“The present Chinese leadership absolutely won’t let Leung Chun-ying stir up trouble in Hong Kong again,” the source said. “He not only won’t get reelected, but he'll also be dealt with.”

The serving Hong Kong leader’s recent, surprise cancellation of a trip to Beijing appears to corroborate the source’s analysis.

Leung was originally scheduled to attend the opening ceremony of a Beijing-Hong Kong economic symposium with former Beijing mayor Wang Anshun on Nov. 3, but announced on Oct. 31 that he wouldn’t be going. A day before the announcement, Wang had resigned his mayorship, reportedly for a position at a state think-tank — a far less prestigious and powerful post. According to overseas Chinese newspaper World Journal, Wang is also a protégé of Zeng Qinghong, and is thus linked with Jiang Zemin’s political network.

“Communist Party insiders are aware of the present Party leadership’s attitude towards Leung,” the source said, and Leung knows that he won’t be well-received in Beijing. Leung is also afraid that the media will catch wind of and publicize his failure to secure an endorsement from Beijing to seek reelection in Hong Kong, the source indicated.

The information also raises questions about recent rumors that the Chinese regime’s rubber stamp legislature, the National People’s Congress, which is controlled by a political rival to the Chinese leader Xi Jinping, will seek to intervene in an important, looming judicial process in Hong Kong.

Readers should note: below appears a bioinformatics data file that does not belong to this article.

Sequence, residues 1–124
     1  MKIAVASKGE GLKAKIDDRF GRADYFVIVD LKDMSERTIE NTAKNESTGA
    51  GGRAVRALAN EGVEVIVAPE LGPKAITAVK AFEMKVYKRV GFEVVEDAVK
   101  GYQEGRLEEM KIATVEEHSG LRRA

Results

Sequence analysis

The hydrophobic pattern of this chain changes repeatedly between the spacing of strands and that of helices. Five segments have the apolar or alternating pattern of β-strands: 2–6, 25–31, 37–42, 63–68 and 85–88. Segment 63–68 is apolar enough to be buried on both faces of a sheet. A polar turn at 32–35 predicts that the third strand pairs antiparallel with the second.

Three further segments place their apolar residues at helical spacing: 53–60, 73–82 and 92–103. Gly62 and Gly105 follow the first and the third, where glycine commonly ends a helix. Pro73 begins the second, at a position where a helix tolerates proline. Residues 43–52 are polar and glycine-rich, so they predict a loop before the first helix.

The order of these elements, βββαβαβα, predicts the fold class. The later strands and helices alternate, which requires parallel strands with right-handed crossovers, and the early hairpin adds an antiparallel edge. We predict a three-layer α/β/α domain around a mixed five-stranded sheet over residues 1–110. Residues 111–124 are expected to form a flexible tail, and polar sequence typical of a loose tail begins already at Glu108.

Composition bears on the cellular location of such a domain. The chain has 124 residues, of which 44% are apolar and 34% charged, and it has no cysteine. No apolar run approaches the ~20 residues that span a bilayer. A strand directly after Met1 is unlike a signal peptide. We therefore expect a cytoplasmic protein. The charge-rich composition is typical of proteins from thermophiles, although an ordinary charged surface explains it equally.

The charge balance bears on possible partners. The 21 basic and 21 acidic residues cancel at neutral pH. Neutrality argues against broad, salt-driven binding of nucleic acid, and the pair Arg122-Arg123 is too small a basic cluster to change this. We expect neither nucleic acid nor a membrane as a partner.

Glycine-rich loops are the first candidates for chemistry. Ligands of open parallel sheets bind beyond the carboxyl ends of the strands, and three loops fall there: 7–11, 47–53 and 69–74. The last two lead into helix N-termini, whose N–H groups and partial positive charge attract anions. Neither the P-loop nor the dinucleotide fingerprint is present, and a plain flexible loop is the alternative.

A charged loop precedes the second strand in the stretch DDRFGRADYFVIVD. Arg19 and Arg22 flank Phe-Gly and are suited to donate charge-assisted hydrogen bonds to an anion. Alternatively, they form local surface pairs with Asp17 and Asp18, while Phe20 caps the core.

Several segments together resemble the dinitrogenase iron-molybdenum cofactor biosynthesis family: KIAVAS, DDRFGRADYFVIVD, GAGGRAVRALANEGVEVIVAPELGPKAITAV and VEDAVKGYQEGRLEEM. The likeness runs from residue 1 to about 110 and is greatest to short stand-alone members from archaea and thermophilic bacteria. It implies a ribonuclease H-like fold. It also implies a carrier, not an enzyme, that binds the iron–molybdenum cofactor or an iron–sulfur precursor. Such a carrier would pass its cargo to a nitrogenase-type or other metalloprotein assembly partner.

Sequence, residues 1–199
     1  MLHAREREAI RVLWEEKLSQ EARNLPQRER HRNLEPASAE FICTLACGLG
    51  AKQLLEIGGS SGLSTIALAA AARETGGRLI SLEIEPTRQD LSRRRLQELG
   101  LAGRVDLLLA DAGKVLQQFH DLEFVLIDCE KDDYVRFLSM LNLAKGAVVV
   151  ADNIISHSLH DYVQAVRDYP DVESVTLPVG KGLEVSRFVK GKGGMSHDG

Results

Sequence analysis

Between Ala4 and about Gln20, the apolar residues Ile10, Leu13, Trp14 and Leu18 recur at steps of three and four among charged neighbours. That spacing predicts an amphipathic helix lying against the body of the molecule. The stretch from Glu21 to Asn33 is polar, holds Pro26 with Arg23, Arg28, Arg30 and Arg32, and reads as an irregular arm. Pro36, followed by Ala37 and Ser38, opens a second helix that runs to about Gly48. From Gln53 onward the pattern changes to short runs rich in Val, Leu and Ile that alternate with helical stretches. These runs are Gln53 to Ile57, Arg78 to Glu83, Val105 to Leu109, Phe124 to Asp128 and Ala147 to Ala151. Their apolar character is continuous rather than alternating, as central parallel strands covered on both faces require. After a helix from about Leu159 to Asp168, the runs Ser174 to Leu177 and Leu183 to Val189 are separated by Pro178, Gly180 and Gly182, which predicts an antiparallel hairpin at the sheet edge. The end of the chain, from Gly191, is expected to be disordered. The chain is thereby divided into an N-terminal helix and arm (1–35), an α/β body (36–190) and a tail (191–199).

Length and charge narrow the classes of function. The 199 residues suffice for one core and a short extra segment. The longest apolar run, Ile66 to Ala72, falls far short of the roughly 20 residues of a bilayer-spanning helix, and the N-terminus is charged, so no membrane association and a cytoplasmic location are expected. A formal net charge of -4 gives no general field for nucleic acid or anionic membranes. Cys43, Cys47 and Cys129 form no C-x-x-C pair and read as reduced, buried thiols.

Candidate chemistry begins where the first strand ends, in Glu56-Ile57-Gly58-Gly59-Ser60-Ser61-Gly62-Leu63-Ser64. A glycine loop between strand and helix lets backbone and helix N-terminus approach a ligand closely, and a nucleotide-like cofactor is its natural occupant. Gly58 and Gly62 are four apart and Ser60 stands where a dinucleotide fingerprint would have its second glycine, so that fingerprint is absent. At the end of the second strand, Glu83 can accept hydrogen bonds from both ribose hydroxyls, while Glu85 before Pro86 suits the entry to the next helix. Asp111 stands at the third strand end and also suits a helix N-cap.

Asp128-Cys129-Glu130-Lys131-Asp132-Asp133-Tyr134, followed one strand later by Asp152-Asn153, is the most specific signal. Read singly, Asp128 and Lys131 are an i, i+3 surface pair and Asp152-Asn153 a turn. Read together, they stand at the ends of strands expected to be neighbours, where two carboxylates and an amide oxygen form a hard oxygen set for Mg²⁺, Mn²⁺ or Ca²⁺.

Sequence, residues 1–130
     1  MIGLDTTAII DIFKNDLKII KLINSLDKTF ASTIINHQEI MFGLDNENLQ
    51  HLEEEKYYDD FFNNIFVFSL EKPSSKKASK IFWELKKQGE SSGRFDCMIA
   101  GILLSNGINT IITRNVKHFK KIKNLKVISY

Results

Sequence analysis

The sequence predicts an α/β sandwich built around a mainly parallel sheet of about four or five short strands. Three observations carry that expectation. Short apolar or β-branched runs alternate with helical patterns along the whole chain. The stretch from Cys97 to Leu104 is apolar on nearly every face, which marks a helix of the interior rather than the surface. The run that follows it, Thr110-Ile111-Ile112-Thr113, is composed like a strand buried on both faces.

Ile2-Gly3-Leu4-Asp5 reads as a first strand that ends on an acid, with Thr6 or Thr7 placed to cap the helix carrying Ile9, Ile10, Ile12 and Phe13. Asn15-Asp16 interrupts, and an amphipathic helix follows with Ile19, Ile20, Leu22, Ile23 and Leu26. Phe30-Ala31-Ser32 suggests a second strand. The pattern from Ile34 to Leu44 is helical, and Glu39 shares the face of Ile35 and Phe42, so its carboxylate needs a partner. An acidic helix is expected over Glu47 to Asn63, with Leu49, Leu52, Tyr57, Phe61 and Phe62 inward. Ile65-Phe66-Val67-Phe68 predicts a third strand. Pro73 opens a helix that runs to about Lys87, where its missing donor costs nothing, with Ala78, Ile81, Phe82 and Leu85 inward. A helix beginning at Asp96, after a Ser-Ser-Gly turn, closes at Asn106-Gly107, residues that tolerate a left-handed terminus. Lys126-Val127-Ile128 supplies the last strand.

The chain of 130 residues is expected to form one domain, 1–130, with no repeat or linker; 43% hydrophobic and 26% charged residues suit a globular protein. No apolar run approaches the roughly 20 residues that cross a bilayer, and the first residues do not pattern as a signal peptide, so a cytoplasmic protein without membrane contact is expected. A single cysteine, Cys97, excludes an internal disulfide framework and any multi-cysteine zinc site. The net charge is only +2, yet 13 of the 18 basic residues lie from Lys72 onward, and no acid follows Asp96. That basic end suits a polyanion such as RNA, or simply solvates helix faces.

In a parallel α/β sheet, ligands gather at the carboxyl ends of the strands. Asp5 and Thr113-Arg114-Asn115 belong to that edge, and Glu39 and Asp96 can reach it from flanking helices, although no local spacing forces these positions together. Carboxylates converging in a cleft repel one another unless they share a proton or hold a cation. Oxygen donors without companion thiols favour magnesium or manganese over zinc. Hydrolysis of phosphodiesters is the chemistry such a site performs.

Several Hong Kong news outlets have reported that the Chinese regime’s faux legislature will seek to interpret the Basic Law, Hong Kong’s mini-constitution, when it meets on Nov. 3, with regards to a case involving two new members of the Hong Kong Legislative Council who had turned the ceremony of taking an oath of office into a protest against China. If the NPC makes this interpretation, it will preempt the Hong Kong high court from reviewing this case.  

If the Chinese legislature does issue an interpretation, it would be the fifth such action since the British handover in 1997. These interpretations are always controversial because they serve to remind Hongkongers that they are ultimately governed by communist China. 

Leung had earlier suggested that he would ask Beijing to get involved in the case, which has angered members of the Hong Kong legal establishment, which see Leung’s request as undermining the judiciary in Hong Kong.

However, Sing Pao Daily, a pro-Beijing newspaper that is believed to speak for the Xi camp, claims in a Nov. 2 report that speculation of an NPC interpretation “aren’t true.” The following day, Sing Pao wrote that NPC interpretations are a “serious matter” and not concocted “in a black box.” Sing Pao concluded the article by reminding Politburo Standing Committee member Zhang Dejiang of Xi’s recent condemnation of conspiring “cliques and cabals” among “a very small group” of elite cadres, and called on Zhang to “take heed.” 

If Leung is truly being sidelined by the Chinese leadership, it would be unlikely for the Standing Committee of the National People’s Congress to issue a controversial interpretation after its Nov. 3 meeting.

In the event that an interpretation is in fact issued, it would suggest that the remaining elements of Jiang Zemin’s network still holding high office—in this case, Zhang Dejiang, who serves as the chief of the NPC and the overseer of Hong Kong—are attempting a retaliatory blow against Xi Jinping for his scorching anti-corruption campaign that has jailed so many Jiang acolytes.

Zhang has caused trouble before: In 2014, a white paper on Hong Kong issued by the Zhang-led legislature roused strong sentiments in Hong Kong, giving birth to the Umbrella Movement.

He Jiahui contributed to this article.